He needn’t have worried. Latimer folded up the Alcestis shop in 1938, after briefly toying with moving the whole operation to Mexico. Stevens wrote him a warmly sympathetic letter upon hearing the news. “Giving up The Alcestis Press must be to you what giving up any idea of writing poetry would be to me,” he began. Recalling his own youthful ambitions to “live in a village in France, in a hut in Morocco, or in a piano box at Key West,” the poet advised his young publisher to settle into some sort of traditional occupation and save his money.
If you got down to business, whatever it might be, and attended to it exclusively for, say, the next twenty-five years, you would have a thoroughly good time and would be able to come back to this all the better for your life away from it. One does not change a great deal; you would not be the same person, but you would be pretty much the same person.
Stevens was right: most people don’t change, or at least they don’t change much. But the strange course of Latimer’s life over his last decades makes it tempting to see him as an exception.
Latimer traveled to Japan to study Buddhism in the late 1930s, arriving back in the United States about a month before the attack on Pearl Harbor. By 1942, he was serving as a priest in a large Buddhist temple in Los Angeles when he testified in front of the Tolan Committee, a congressional group holding hearings on the question of Japanese American internment. He told the committee he was “of American ancestry on both sides for about 150 years; before that, English,” which wasn’t true; his father was born in Germany. But Latimer’s authentic Americanness—he was also chaplain of a Japanese American Boy Scout troop—was key to having his testimony taken seriously. In an atmosphere of anti-Japanese paranoia, Latimer calmly parsed the differences between Buddhism and Shintoism, and made a forthright case that most Japanese Americans were “less critical of conditions in America in many ways than I am, or any other American is.” In all the glimpses of Latimer’s life to be found in archives, essays, letters, and newspaper articles, this testimony stands out as a moment of righteous moral clarity.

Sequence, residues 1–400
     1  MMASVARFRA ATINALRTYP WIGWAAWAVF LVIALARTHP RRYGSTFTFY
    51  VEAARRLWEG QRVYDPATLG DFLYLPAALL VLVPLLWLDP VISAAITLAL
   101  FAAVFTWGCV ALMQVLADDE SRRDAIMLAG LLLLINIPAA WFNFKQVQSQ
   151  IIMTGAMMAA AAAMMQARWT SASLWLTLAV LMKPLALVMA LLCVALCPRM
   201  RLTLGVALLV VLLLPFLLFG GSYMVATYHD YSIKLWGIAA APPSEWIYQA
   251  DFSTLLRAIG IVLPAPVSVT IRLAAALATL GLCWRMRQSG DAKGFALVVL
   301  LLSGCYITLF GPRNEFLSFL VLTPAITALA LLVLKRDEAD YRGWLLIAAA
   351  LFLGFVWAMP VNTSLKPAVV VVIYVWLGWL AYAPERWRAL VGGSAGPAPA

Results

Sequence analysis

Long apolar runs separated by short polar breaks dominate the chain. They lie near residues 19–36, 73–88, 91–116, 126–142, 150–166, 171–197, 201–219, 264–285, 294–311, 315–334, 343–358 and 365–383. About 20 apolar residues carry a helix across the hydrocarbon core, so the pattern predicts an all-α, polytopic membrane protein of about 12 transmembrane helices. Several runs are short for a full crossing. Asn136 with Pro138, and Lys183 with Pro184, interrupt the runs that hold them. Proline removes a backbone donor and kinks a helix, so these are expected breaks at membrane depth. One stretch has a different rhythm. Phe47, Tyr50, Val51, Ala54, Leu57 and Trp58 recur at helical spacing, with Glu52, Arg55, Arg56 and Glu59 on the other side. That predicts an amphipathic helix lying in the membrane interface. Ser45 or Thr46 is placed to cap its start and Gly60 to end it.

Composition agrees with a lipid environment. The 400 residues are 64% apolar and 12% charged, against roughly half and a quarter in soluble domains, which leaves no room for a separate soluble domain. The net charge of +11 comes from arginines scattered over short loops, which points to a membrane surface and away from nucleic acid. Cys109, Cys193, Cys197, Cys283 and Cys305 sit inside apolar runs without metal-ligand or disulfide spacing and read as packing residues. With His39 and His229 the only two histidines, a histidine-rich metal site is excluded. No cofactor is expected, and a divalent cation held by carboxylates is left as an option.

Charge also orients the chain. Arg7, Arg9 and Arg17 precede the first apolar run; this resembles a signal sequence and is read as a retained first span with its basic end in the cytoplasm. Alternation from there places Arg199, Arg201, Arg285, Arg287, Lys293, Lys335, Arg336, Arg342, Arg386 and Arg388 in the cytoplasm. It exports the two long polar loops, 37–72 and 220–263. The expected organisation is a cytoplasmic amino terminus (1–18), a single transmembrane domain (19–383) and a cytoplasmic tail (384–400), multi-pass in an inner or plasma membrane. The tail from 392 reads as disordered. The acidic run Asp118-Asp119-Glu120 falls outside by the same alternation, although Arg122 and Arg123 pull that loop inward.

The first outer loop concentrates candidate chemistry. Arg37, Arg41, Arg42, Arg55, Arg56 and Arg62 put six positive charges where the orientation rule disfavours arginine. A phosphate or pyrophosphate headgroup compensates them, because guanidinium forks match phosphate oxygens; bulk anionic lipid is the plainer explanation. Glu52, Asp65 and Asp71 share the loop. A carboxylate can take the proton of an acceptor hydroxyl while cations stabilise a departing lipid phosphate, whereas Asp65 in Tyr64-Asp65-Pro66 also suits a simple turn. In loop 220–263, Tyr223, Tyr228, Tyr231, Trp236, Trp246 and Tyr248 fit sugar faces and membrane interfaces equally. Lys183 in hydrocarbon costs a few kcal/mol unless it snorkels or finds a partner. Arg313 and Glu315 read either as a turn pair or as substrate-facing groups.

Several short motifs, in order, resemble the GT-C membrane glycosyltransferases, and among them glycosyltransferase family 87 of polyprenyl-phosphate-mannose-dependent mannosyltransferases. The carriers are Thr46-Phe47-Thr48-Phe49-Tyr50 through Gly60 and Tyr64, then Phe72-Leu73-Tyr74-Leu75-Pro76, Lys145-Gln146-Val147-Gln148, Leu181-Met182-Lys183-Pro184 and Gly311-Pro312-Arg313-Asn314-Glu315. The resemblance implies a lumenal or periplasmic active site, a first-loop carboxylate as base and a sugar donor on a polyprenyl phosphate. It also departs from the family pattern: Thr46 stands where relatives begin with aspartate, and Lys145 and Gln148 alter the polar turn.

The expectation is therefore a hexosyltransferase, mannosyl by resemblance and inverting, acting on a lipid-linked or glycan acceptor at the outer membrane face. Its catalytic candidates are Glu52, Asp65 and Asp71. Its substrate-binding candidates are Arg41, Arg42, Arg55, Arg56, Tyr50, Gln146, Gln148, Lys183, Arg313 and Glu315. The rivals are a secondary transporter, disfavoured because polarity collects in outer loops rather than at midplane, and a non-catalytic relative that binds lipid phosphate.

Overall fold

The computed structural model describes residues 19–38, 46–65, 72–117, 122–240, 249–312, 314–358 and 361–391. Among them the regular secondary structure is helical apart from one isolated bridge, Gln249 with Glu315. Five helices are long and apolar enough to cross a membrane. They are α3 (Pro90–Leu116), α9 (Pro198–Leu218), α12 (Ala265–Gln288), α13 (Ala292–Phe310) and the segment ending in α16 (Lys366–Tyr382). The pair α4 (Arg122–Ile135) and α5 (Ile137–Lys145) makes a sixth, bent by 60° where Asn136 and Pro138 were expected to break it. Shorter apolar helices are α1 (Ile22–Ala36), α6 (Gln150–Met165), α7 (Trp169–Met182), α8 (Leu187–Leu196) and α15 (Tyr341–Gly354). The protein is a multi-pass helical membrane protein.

Latimer testified that day that he was willing to go with “my people” should they be forced from their homes. Perhaps he tried, but he was soon on to other things. He enlisted in the Army later in 1942 and received a medical discharge, then took a series of office jobs before enrolling at the Church Divinity School of the Pacific, an Episcopal seminary in Berkeley. He went on to serve as a rector in Florida and New Jersey.
By the late 1950s, Latimer was living with an “adopted son”—almost certainly a boyfriend—in Santa Fe. According to a flattering 1959 profile in a Santa Fe newspaper, the pair had been in town for a local opera festival when they happened upon their dream house on Palace Avenue, bought it on the spot, and flew back to New Jersey to quit their jobs. His “son,” who went by Charles Lane Latimer, taught English and French at the public high school in Los Alamos, and Reverend Latimer occupied himself with gardening, charity work, and writing an art column for the local paper. A photo accompanying the profile shows him wearing his clerical collar at home, legs crossed comfortably, holding the leash of his Weimaraner, Bei-bei. Remarkably, he told the reporter that he planned to finish the Alcestis Press series by publishing the letters Stevens had written him.
But something went wrong for Latimer in Santa Fe. Charles was let go from his teaching job, and he and Ronald sued the principal for $200,000 for making defamatory comments that were “false and were made maliciously for the purpose of injuring.” The school’s teachers and students rallied around the principal, signing petitions in his defense. At one point the case was the lead story in the Sunday paper, and it dragged on until at least 1962 without resolution. But by then Latimer was living in Florida, where Filreis believes he took his own life. His obituary in the Sarasota Herald-Tribune says he “succumbed while conducting a service alone” at a local Episcopal church in March 1964. He was 55. At Latimer’s own request, the time and place of his burial were not revealed.
Latimer had thrust himself into the center of Modernism in the 1930s and then removed himself almost as quickly. For a brief moment he belonged to the in-crowd, yet he died, it seems, alone. But is it wishful thinking to detect a bit of his youthful flair for self-dramatization in his final request for a pointedly private burial? Somehow it’s a fitting last act for a man who wrote of himself in the third person that “Latimer must remain an unknown quantity,” and who had crafted a persona both slippery and showy. “I am rather appalled at your letting yourself in for such a bit of extravagance,” Stevens had once written to him, thanking him for an expensive gift. “But after all, if you were not extravagant, you would not be yourself.”